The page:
The Modern Antiquarian. Stone Circles, Ancient Sites, Neolithic Monuments, Ancient Monuments, Prehistoric Sites, Megalithic MysteriesThe Modern Antiquarian

Dolmen de Coste-Rouge

Dolmen / Quoit / Cromlech


Driving north and east of Lodeve up a very twisty-turny mountain lane we reached the Priory St Michel de Grandmont – our main attraction here is this fabulous dolmen in its private grounds.

The entrance fee of E4.50 entitles you to look round the abbey (which has got a nice cloister and worth a peep) but you also get a guided tour to the dolmen. They don't let you go on your own we think because of the resident herd of fallow deer roaming free and they don't want hunters taking potshots and poaching. Despite having to drive such a long way to get here from our gite in Arles, having to pay an entrance fee and having to be escorted to the dolmen, it's all worth it because its FAB.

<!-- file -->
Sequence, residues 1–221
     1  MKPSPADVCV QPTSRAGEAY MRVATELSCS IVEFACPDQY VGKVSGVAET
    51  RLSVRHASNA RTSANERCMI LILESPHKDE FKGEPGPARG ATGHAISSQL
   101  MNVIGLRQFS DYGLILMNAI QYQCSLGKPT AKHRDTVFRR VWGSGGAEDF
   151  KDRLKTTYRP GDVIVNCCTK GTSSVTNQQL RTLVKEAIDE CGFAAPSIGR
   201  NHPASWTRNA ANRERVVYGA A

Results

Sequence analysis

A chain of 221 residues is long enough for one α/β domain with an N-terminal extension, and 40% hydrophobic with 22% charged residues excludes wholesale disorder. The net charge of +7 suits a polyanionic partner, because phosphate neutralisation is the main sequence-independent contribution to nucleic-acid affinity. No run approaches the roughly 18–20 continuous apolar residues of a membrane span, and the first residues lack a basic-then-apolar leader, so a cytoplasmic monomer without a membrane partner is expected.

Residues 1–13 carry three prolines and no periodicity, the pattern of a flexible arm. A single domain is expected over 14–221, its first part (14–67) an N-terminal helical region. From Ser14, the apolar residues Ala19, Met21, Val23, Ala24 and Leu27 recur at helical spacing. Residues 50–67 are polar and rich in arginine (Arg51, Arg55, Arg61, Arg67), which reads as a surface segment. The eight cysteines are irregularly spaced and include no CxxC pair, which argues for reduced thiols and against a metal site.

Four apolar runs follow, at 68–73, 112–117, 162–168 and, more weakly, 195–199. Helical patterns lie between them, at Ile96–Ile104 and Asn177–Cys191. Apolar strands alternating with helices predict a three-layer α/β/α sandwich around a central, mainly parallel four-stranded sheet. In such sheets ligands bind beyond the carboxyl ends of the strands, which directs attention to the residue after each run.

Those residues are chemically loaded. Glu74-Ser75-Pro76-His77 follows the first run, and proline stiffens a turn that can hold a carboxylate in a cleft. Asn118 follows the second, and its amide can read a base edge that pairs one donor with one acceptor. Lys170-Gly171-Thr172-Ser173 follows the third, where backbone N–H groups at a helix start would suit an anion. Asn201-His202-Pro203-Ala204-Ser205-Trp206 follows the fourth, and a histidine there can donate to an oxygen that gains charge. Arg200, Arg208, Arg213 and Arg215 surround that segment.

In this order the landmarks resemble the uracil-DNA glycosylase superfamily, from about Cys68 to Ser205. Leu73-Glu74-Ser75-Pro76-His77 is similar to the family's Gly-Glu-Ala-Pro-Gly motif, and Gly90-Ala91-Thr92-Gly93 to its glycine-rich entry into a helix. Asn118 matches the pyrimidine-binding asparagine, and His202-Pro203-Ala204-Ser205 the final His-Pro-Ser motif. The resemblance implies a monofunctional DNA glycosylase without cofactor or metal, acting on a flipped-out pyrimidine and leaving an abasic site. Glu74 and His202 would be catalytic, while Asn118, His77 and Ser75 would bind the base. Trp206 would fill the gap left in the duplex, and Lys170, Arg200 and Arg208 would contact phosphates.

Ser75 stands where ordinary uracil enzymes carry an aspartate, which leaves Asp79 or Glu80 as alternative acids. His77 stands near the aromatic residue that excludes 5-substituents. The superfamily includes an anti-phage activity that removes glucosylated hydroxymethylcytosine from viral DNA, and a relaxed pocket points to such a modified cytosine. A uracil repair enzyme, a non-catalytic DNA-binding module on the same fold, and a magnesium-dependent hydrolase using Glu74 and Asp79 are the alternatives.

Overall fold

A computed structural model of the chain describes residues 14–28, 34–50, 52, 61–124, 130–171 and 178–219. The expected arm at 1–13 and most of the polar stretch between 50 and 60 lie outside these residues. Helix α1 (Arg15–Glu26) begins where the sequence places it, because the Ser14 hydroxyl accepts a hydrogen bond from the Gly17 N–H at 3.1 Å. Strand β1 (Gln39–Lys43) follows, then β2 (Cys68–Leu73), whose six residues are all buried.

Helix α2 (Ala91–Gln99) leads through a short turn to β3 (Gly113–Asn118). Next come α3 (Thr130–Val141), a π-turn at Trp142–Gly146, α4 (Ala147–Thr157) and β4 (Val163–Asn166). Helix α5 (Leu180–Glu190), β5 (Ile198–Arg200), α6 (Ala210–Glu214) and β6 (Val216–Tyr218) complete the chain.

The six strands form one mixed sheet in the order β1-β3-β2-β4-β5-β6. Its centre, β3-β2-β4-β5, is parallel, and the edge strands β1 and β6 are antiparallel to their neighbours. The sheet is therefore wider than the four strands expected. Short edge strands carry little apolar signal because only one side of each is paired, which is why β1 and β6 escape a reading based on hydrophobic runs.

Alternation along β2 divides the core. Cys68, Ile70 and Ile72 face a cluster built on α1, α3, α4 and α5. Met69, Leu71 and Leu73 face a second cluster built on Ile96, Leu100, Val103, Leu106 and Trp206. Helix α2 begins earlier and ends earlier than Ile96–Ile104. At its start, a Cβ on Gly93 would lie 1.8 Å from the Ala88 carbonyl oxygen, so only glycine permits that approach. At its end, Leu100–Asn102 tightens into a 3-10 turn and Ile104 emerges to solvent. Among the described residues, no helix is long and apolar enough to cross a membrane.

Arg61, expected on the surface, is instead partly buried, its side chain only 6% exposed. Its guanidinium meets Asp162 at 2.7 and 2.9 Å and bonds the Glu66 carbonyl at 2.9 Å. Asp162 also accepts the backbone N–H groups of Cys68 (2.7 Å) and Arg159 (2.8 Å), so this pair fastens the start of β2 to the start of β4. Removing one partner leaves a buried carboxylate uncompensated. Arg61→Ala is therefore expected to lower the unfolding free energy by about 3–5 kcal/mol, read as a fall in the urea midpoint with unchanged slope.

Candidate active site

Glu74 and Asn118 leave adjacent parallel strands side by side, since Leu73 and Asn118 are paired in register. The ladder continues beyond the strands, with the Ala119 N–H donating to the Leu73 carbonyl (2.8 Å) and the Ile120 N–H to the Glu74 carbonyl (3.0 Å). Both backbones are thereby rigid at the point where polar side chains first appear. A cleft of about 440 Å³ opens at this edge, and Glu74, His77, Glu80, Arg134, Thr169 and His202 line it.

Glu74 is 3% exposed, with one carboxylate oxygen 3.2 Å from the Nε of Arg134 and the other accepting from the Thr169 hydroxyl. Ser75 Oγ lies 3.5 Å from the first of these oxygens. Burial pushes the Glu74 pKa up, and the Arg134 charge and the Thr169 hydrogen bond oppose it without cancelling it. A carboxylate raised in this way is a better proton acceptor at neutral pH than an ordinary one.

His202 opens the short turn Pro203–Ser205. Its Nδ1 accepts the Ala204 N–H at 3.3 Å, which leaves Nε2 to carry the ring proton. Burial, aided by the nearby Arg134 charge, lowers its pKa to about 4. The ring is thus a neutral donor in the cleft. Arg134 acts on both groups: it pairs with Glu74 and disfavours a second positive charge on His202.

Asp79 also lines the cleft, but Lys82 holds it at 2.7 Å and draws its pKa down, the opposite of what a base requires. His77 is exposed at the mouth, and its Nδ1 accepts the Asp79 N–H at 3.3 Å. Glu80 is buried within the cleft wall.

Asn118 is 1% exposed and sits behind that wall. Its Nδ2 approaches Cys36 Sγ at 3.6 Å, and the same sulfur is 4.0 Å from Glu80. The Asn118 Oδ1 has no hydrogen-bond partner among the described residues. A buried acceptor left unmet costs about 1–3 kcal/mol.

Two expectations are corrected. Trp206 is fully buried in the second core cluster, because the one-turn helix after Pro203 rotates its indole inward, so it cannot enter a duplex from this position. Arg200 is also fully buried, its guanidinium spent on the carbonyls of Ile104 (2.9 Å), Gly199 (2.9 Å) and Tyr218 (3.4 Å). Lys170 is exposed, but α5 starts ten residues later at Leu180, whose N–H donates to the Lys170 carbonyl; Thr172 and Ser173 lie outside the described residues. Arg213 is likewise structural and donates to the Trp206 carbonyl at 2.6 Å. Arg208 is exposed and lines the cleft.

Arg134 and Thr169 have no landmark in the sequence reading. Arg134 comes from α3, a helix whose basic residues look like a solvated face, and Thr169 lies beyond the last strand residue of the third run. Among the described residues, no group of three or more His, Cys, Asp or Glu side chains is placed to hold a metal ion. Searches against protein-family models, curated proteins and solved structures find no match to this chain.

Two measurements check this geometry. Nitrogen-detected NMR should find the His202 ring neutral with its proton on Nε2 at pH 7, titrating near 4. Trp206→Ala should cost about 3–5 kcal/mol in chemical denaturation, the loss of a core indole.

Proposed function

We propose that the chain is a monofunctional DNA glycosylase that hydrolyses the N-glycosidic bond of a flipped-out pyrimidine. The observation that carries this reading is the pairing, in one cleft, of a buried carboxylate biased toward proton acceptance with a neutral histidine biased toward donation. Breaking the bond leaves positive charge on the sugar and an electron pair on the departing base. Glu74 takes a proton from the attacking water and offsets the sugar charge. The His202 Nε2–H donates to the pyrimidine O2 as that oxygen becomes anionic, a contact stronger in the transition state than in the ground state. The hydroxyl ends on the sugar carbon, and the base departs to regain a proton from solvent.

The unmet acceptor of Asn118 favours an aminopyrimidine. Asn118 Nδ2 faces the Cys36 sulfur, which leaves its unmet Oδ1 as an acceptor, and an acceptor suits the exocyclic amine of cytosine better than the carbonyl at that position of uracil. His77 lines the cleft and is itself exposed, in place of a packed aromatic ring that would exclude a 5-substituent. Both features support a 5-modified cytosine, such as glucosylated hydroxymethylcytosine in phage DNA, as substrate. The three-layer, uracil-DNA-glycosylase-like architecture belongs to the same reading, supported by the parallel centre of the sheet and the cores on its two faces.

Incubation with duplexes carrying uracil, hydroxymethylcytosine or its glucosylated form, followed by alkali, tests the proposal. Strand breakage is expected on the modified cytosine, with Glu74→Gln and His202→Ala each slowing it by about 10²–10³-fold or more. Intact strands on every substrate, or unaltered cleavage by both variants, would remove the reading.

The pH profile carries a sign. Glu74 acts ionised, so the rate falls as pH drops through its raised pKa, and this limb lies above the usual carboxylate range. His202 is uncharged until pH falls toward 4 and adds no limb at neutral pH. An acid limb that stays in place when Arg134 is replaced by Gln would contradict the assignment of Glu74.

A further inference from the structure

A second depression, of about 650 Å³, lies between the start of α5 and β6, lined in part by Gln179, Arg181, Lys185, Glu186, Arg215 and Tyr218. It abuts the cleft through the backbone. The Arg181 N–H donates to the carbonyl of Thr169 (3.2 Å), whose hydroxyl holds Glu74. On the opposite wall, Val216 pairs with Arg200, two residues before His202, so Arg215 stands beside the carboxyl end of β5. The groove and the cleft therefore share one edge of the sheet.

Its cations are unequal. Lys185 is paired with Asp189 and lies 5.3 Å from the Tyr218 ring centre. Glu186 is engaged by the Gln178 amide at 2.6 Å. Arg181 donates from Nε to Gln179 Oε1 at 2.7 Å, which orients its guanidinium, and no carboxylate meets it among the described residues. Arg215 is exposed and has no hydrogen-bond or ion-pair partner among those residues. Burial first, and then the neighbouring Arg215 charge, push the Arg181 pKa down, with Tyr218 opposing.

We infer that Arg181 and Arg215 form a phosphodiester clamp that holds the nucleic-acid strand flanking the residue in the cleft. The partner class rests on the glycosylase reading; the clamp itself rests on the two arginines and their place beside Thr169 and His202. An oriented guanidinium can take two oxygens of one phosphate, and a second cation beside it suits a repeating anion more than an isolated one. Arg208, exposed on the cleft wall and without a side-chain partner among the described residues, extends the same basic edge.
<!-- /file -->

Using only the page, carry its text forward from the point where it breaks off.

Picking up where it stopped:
A true Beauty. A capstone with exquisite flatness on its underside, such lovely stones leaning jauntily inwards are all surpassed by the charming catflap door in the portal stone. We had little time here (an elderly Belgian couple were escorted there at the same time as us) and so I immediately got to work drawing. It made me think about its picturesque loveliness of places like Poulabroune, combined with the startling wondrousness of the dolmens we'd seen on that hot Jordanian hillside two years before. This dolmen has been christianised - the monks at the abbey carved as small cross into one of the side stones.

In the middle ages the dolmen was used in a bizarre way to cure leprosy. The monks would burn the clothes of the afflicted person, who would then climb up on the dolmen and twice roll around and rub their skin on the capstone. Such hocus pocus! Is it any wonder that I put my faith in science and not witchcraft?
Jane Posted by Jane
21st September 2007ce
Edited 23rd September 2007ce

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